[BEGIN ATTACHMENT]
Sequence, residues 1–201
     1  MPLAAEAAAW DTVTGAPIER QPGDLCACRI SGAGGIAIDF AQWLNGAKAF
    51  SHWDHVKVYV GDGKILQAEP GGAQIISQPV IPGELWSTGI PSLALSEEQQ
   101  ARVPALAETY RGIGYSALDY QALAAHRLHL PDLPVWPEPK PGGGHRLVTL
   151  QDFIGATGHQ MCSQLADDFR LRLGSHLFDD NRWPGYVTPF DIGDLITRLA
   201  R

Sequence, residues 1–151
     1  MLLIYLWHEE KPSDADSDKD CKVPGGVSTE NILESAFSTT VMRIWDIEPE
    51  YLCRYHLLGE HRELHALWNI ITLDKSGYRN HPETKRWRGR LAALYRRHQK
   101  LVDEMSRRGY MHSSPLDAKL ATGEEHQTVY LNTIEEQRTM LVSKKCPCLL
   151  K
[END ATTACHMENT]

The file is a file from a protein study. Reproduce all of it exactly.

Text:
Sequence, residues 1–201
     1  MPLAAEAAAW DTVTGAPIER QPGDLCACRI SGAGGIAIDF AQWLNGAKAF
    51  SHWDHVKVYV GDGKILQAEP GGAQIISQPV IPGELWSTGI PSLALSEEQQ
   101  ARVPALAETY RGIGYSALDY QALAAHRLHL PDLPVWPEPK PGGGHRLVTL
   151  QDFIGATGHQ MCSQLADDFR LRLGSHLFDD NRWPGYVTPF DIGDLITRLA
   201  R

Sequence, residues 1–151
     1  MLLIYLWHEE KPSDADSDKD CKVPGGVSTE NILESAFSTT VMRIWDIEPE
    51  YLCRYHLLGE HRELHALWNI ITLDKSGYRN HPETKRWRGR LAALYRRHQK
   101  LVDEMSRRGY MHSSPLDAKL ATGEEHQTVY LNTIEEQRTM LVSKKCPCLL
   151  K